In on-farm research, the independent variable is the different treatments practices you are applying, and the dependent variable is the effect or outcome you are measuring. What you measure in your particular experiment depends on what treatments you apply. Examples include crop yield, weed density, milk production or animal weight gain. Plot: Plots are the basic units of a field research project—the specific-sized areas in which each treatment is applied.
Replication: Replication means repeating individual treatment plots within the field research area. If you set up an experiment comparing two treatments, instead of setting out just one plot of Treatment A and one plot of Treatment B, you repeat the plots within the field multiple times. Replications reduce experimental error and increase the power of the statistics used to analyze data.
Block: It is usually not possible to find a perfectly uniform field in which to conduct the experiment, and some sources of variation simply cannot be controlled e. In order to address the problem of field variability, divide your field of interest into sections that have common slope and soil characteristics.
Within each section—typically known as blocks—field conditions should be as uniform as possible. Taken together, however, all of your blocks should encompass the variability that exists across the research area. After delineating the areas for your blocks, make sure you include each treatment inside each block; that way, your blocks can serve as replications.
In most on-farm research studies, four to six blocks are sufficient to provide a good level of confidence in the results. Figure 2 provides examples of how to use blocking to address field variability due to slope or soil type. Agricultural research should usually be blocked because of field variability. If your field has a known gradient, such as a fertility or moisture gradient, it is best to place blocks to that conditions are as uniform as possible within each block.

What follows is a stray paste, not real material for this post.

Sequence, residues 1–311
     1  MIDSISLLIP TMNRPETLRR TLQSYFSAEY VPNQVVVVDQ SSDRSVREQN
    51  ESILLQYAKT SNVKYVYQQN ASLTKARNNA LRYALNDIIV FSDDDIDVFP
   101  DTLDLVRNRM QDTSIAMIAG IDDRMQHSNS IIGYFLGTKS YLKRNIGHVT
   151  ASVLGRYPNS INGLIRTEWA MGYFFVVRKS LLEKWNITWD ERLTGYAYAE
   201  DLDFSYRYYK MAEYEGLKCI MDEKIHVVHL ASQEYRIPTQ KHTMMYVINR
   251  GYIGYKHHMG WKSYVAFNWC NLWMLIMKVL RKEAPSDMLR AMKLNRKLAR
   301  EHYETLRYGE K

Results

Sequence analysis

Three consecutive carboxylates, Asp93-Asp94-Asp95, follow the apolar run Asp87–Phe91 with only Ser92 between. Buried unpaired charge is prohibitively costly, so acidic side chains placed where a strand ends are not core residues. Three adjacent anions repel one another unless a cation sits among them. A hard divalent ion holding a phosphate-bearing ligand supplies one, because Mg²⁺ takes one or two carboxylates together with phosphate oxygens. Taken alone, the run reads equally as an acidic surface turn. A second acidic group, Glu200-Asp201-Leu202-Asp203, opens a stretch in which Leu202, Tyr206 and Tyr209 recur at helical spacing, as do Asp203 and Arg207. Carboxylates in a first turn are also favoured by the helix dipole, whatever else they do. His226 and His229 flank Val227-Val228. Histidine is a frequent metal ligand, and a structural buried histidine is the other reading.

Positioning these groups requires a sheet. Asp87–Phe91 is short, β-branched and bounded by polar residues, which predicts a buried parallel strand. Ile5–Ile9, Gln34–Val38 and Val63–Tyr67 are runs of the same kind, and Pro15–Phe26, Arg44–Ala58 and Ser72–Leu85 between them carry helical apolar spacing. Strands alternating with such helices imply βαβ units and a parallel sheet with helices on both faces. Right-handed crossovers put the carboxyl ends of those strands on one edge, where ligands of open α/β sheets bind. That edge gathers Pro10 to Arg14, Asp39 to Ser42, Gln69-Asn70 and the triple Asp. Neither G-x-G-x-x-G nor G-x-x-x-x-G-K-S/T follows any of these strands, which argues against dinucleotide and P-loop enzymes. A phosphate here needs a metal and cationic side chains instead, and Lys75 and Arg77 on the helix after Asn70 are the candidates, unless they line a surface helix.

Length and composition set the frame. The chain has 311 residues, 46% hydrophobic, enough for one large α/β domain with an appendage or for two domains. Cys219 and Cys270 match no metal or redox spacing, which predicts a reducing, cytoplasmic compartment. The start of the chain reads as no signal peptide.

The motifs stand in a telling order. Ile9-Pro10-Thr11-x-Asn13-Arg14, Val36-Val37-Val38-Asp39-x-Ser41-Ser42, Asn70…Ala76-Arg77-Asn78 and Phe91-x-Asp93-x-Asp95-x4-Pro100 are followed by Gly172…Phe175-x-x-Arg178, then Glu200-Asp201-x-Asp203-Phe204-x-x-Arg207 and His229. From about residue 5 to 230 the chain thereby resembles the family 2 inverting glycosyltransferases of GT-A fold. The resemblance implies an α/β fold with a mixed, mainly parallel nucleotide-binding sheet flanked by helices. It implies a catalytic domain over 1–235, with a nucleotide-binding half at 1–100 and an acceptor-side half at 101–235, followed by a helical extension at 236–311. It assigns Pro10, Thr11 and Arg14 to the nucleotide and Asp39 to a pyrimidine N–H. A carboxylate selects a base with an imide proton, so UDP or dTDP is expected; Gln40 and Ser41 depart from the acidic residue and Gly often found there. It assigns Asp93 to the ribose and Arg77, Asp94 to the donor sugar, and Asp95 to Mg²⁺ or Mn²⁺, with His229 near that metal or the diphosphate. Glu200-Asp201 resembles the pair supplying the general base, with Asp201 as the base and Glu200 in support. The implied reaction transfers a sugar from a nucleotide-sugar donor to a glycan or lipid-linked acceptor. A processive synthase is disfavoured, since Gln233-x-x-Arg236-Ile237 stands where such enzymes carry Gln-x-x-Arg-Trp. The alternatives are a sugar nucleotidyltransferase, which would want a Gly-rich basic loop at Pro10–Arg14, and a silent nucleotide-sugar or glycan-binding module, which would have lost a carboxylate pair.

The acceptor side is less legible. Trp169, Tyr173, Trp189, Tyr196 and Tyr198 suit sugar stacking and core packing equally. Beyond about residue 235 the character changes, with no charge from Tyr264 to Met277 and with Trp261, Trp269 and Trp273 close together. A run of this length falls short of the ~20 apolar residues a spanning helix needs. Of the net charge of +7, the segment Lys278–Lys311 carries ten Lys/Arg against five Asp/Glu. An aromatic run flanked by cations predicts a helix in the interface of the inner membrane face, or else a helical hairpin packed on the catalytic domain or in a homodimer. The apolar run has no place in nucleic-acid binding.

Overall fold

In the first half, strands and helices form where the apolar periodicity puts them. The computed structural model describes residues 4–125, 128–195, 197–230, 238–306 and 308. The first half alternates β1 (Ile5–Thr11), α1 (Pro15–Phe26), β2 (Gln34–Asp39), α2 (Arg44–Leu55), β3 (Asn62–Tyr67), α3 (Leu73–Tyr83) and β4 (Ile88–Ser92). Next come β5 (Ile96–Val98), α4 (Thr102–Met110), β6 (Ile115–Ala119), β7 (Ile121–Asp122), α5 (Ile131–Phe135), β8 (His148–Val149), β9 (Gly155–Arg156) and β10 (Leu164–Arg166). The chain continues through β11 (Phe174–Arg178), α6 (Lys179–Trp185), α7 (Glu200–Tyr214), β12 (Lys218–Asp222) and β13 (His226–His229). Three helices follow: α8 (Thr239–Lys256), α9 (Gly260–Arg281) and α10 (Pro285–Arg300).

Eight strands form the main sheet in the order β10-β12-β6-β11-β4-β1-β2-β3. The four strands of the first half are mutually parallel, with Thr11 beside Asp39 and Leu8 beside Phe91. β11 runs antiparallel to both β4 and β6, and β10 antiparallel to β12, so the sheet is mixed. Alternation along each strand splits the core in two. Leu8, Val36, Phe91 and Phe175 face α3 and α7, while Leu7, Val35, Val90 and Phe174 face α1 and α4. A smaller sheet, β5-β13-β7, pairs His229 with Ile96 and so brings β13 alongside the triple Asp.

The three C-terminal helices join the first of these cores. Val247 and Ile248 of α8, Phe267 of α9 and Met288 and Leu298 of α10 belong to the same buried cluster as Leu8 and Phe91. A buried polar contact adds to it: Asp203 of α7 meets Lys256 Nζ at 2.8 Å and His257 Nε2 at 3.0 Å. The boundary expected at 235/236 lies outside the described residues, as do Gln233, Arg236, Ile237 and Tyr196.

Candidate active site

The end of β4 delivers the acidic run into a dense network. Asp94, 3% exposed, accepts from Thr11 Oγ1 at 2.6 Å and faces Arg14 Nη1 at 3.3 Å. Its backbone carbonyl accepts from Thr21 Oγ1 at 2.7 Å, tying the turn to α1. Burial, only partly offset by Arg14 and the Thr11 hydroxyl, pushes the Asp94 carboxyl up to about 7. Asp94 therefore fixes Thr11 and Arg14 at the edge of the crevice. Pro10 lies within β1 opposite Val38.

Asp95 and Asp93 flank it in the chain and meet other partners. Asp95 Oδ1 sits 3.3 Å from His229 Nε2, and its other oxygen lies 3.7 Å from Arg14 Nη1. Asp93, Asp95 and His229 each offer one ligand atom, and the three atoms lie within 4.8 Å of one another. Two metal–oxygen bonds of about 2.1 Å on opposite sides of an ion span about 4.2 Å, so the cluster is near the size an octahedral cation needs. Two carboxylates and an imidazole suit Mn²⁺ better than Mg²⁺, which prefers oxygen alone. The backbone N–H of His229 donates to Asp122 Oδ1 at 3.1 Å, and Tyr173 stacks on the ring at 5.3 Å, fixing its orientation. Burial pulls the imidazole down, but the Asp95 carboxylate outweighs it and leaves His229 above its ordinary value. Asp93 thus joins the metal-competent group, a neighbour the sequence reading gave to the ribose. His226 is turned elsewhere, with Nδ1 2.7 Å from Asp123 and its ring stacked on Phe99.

Figure 2a: On a slope, for example, each whole block should occupy about the same elevation. Treatments are randomized and run across the slope within each block. Figure 2b: Place whole blocks within different soil types.
Figure 2c: If blocks cannot be used to account for variability, then each treatment should run across the whole gradient, as in all the way down the slope or all the way across the field. This arrangement can also be used for a completely randomized design see Figure 3. Randomization: In addition to replication, randomization is also important for addressing the problem of field variability, reducing experimental error and determining the true effect of the treatments you are comparing.
Replications should be arranged randomly within the field. Or in the case of a blocked experimental design, treatment plots must be arranged randomly within each block. If you have three treatments, for example, you cannot place those treatments in the same left-to right sequence within each block.
They must be arranged in a random order. This can be done using the flip of a coin, drawing numbers from a hat or using a random number generator for each block. Skip to content The previous section summarized the 10 steps for developing and implementing an on-farm research project. The answer is no, because there may be other factors that led to the difference in yield, including: The new variety was planted in a part of the field that had better soil.
One end of the field was wetter than the other and some of the tomatoes were infected with powdery mildew. Soil texture differences resulted in increased soil moisture from one end of the field to the other. Part of the field with the standard variety receives afternoon shade from an adjacent line of trees.